Azerbaijani composer Turkar Gasimzada writes ornately detailed, intimate works that captivate the ear.  We’re delighted to feature his solo piano work vu’cumpra’ (2010), as performed by Kristofer Rucinski, on our Season One closing concert on May 5th at the Hoffner Lodge.


CSB: Could you tell us a little about your compositional process?

TG: For me there is a very tiny little room between nothing and something and the beauty is kept in there. I search for a key to that room, I go for that charming moment of magic in music. Poems also do play a role in being a source of inspiration and motivation for my compositions. I tend not to leave the room as in this poem by Joseph Brodsky (English translation is below):

Don’t leave the room, don’t make the mistake and run.
If you smoke Shipkas, why do you need Suns?
Things are silly out there, especially the happy clucks.
Just go to the john, and come right back.

Oh, don’t leave the room, don’t ring for a car.
Because space consists of a corridor
And ends with a counter. And should a floozy slip in,
Flashing her teeth, make her scram without stripping.

Don’t leave the room, feign that you’ve caught a chill.
What could be more fun than four walls and a chair?
Why leave this place only to come back late in
The evening same as you were, moreover, mutilated?

Oh, don’t leave the room. Dance the bossa nova
In shoes but no socks, a coat over your naked bod.
The hallway reeks of ski wax and cabbage.
You wrote a lot of letters: one more would be too much.

Don’t leave the room. Oh, just let the room imagine
What you look like. And generally, incognito
Ergo sum, as form was told in anger by substance.
Don’t leave the room! Methinks out there it ain’t France.

Don’t be a fool! Don’t be like the others.
Don’t leave the room! I.e., let the furniture have its druthers,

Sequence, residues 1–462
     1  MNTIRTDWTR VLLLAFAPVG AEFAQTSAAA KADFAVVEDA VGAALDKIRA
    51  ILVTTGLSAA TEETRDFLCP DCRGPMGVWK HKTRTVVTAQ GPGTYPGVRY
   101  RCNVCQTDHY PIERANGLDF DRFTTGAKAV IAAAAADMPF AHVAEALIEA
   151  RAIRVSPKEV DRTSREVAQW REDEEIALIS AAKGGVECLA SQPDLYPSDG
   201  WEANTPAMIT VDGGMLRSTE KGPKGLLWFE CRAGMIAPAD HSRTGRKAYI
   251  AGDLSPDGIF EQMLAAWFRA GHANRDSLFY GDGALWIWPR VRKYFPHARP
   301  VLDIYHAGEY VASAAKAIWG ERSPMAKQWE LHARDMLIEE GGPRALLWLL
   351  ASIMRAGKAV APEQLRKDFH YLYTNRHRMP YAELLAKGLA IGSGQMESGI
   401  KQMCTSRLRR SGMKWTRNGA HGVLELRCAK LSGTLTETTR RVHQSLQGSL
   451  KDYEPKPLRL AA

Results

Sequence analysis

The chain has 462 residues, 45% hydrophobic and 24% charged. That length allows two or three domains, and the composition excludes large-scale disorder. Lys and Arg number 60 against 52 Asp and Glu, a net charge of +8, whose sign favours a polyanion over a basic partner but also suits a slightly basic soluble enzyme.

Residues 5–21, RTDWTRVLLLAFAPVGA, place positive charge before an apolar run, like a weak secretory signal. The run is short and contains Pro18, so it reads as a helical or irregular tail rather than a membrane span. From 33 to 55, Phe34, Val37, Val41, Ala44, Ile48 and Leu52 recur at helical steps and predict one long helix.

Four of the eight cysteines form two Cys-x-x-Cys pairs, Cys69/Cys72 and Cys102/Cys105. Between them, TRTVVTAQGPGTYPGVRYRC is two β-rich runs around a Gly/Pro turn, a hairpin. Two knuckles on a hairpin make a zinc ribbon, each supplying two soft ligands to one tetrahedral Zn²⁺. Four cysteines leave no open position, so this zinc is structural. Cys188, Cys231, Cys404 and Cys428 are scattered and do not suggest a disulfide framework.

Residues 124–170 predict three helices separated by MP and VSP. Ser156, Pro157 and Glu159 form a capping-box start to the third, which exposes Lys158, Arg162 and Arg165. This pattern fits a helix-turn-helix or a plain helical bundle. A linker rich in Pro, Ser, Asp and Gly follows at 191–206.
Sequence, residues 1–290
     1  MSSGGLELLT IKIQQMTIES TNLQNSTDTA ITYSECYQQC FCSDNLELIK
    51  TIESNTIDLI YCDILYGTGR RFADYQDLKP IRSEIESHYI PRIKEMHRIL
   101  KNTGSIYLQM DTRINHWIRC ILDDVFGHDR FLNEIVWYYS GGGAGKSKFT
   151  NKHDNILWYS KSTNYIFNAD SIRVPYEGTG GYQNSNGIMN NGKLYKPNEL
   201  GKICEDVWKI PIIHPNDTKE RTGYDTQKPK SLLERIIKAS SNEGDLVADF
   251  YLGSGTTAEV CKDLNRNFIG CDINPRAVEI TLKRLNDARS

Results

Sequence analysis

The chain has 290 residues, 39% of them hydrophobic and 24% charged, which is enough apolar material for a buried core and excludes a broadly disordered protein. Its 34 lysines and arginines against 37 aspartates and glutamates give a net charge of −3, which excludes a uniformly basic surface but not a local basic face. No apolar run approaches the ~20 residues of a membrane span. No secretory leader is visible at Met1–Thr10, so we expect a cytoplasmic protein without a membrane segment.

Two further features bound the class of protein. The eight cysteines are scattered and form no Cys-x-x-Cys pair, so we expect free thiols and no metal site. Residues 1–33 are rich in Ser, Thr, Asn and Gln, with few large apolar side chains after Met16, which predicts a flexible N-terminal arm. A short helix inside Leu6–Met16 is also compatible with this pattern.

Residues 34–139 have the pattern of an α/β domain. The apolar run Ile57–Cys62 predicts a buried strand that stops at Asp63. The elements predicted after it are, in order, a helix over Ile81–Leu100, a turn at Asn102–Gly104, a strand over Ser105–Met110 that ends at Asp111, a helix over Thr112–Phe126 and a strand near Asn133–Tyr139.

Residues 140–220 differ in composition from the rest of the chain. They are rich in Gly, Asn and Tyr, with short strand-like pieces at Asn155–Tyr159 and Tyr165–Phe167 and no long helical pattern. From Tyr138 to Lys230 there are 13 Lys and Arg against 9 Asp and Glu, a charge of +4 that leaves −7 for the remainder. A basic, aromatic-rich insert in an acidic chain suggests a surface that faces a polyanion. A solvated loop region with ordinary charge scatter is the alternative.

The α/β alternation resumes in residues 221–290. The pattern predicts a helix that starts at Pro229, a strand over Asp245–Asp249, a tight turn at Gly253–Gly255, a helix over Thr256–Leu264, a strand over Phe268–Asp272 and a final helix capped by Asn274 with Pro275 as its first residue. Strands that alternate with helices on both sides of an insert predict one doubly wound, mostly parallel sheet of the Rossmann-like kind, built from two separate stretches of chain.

Blend in with the wallpaper. Lock up and let the armoire
Keep chronos, cosmos, eros, race, and virus from getting in the door.

CSB: How does the performer you are writing influence the music you write?

TG: I am fond of writing music for the performer I know personally. It is kind of sharing a part of your personality with someone. I do think of a specific person when I write a certain piece. I would not be true to myself if I said I thought too much of one’s performance skills or had any kind of aesthetic expectations. I write the music I need to write, however, I do think of a person, his character that I know and try to listen to the stuff I have written pretending I have their ears.
CSB: What influence does location have on you? How did your years in Cincinnati influence your composition?

TG: I did my MM degree in Manhattan School of Music in New York before I came to Cincinnati for my doctorate. In New York the tempo was very fast; I felt that I needed to be in an ascetic place where I could give myself more time to compose, and Cincinnati was just the right place for that reason. Currently, I am in Baku, Azerbaijan but I do remember my times in Cincy, when I felt I would use to come back from the library very late, let’s say at 4 am, and watch how deer wandered around me.

I met a number of great performers and composers in Cincinnati and I am very thankful for this experience.

CSB: Who are some other local composers you admire? What would go on Cincinnati new music playlist?

One of the most influential composers in University of Cincinnati was and still is Mara Helmuth, with whom I studied with during my years in Cincinnati. I would like to specifically draw attention to her pieces Butterfly mirrors and Water birds.

Here is a playlist (in a random order) of Cincinnati composers I admire :

CSB: What new projects are on your radar?

I’m currently completing a project that took me two years to complete – “19 fragile constructions” for prepared santoor, percussion and electronics. I am also working on a piece for solo flute based on Samuel Beckett’s shortest work, “Breath”.

 

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